Although the term “bioplastics” suggests materials of natural origin, in fact, today some bioplastics are also produced from fossil resources. This possibility, in fact, is allowed by the definition of the term “bioplastics”. The feedstock used in the production of bioplastics, therefore, may derive from biomass or fossil resources, although the first class is the most represented.
The two different types of feedstock for the production of bioplastics are analysed in detail. For convenience, it is, first of all, the least represented source, i.e. fossil resources.
Fossil resources as feedstock for bioplastics
As mentioned above, the number of bioplastics produced from fossil resources is rather limited. As of today, in fact, PBAT and PCL can be mainly included in this class.
Bioplastics obtained from these sources are defined as “non-biobased”. However, since they are bioplastics, and must comply with the definition, they will necessarily be “biodegradable”.
Biomass as feedstock
Most of the bioplastics known today are derived from biomass. In particular, they are derived from biomass rich in carbohydrates.
Bioplastics obtained from this type of feedstock are defined as “bio-based”. They can also be “biodegradable” or “non-biodegradable” according to the definition of bioplastics. Their ability to biodegrade strongly depends on the chemical structure of the material, regardless of whether they are, in fact, bio-based. It must be remembered, in fact, that the bio-based property does not necessarily imply that of biodegradability! [If you want to go deeper into this concept, I suggest to connect to the section dedicated to the types of bioplastics].
Types of biomass
The biomass needed for the production of bioplastics, in turn, may have different origins. In general, it can come from agriculture or the food industry, but further specifications are needed.
The 1st generation feedstock
Today, bioplastics are mainly produced from food crops of plants rich in carbohydrates (e.g. corn, sugar cane, beet, potato, etc.). These represent the 1st generation feedstock. The latter are currently the most efficient in the production of bioplastics, as they are the ones that require the least use of soil, while still allowing high product yields. However, the use of these crops may soon compete with the main purposes for which they are grown, i.e. human and animal feed.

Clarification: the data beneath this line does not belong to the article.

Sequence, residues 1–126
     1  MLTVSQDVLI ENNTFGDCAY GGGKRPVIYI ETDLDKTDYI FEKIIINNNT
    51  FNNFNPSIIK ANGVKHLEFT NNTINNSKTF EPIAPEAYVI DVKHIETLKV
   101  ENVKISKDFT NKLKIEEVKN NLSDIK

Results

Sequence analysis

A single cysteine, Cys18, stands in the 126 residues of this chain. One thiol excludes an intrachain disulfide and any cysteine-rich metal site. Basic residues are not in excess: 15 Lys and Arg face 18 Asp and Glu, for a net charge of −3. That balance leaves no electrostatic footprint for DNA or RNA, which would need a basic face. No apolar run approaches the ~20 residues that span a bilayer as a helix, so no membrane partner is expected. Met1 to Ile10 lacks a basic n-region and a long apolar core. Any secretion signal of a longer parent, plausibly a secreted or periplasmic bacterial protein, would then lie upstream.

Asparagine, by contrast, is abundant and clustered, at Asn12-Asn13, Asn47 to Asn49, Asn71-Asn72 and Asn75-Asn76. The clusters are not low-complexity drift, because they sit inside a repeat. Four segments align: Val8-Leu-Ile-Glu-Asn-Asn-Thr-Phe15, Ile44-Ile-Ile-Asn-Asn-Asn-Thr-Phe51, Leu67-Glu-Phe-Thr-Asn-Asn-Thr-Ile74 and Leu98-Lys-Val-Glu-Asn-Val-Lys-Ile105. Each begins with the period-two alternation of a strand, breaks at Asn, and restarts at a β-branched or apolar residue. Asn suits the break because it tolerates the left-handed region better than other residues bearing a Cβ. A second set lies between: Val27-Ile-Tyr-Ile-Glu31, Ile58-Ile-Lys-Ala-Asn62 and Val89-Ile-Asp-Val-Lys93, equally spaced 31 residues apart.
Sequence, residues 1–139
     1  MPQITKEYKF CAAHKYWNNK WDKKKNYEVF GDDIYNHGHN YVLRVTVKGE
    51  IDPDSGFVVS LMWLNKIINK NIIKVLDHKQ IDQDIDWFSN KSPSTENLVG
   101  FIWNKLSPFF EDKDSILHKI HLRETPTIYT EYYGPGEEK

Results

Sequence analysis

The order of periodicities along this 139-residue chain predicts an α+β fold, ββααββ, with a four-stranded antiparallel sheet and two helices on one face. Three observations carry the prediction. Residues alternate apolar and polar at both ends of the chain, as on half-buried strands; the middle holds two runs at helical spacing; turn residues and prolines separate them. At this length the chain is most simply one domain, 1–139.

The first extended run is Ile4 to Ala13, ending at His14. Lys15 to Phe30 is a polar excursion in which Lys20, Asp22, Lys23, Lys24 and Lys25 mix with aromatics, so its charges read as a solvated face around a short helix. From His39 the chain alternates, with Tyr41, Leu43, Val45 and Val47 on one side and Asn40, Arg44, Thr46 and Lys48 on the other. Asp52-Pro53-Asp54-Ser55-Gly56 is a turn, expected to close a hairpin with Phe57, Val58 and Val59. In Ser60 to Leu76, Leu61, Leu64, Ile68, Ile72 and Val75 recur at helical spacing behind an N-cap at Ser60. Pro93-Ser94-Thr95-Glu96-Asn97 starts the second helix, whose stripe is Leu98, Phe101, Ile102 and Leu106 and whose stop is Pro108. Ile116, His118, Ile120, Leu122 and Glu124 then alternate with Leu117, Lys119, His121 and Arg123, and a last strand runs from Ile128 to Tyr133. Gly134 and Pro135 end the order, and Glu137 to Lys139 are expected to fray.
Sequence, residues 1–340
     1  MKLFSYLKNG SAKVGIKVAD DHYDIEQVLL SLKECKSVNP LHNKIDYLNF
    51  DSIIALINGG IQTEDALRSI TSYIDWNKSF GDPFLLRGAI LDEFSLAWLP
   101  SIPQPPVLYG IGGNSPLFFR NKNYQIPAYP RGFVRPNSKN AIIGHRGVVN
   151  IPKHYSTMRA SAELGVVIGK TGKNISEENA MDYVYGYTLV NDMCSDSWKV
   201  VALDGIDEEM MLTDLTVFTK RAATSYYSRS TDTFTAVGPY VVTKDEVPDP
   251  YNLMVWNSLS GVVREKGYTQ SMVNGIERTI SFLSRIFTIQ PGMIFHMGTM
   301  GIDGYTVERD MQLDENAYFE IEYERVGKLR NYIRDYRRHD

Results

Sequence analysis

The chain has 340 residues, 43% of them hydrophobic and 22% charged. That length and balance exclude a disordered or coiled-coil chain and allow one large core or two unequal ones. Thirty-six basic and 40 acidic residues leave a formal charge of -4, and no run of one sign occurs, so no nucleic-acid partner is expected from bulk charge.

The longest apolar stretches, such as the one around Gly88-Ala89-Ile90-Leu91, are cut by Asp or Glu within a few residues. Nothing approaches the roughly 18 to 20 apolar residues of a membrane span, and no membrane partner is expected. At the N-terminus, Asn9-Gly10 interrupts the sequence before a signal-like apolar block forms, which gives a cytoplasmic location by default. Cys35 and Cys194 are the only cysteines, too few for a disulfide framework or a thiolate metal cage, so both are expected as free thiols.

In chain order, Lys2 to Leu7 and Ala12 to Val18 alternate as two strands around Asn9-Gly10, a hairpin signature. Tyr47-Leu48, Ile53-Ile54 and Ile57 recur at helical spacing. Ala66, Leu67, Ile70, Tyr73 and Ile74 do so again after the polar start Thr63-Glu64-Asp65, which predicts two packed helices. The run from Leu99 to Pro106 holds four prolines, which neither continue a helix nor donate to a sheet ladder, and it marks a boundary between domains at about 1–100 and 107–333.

The problems linked to the 1st generation
However, the use of these crops may soon compete with the main purposes for which they are grown, namely food and feed.
In 2019, global bioplastics production capacity amounted to 2.11 million tonnes. This resulted in approximately 0.79 million hectares of land. As a result, the area needed to grow sufficient raw materials for bioplastics production is about 0.02% of the global agricultural area.Source: European Bioplastics
Although the use of soil for bioplastics may seem limited, a number of other factors need to be considered that could make this value unsustainable. First of all, a probable development of underdeveloped countries would lead to an inevitable increase in the demand for food soil, also considering the high population of these countries. Then we must consider the effects of climate change, which could make some of the areas currently used for agricultural purposes unavailable. Finally, it is necessary to anticipate the effects of recent environmental regulations, aimed at the circular economy, but also at the reduction of traditional plastics. These, in fact, will certainly lead, in the coming years, to an increase in alternative materials, including bioplastics. Consequently, in the absence of other sources of biomass for the production of bioplastics, there will be an increase in demand for soil for this purpose.
The 2nd and 3rd generation feedstock
This made it necessary to search for new feedstocks whose use did not compete with other main purposes. The sustainable supply of the necessary raw materials is the key to sustainable development.
This leads to 2nd generation feedstock. These are generally products with a high ligno-cellulosic content, therefore not intended for food use. In general, these raw materials represent the non-edible by-products of food crops (e.g. straw, corn stalks, sugar cane waste, etc.).
A further development takes place with 3rd generation feedstock. These, in fact, are obtained from the cultivation, above ground, of algae and microorganisms, which process waste biomass. The introduction of this generation feedstock therefore limits the problems of land use discussed above.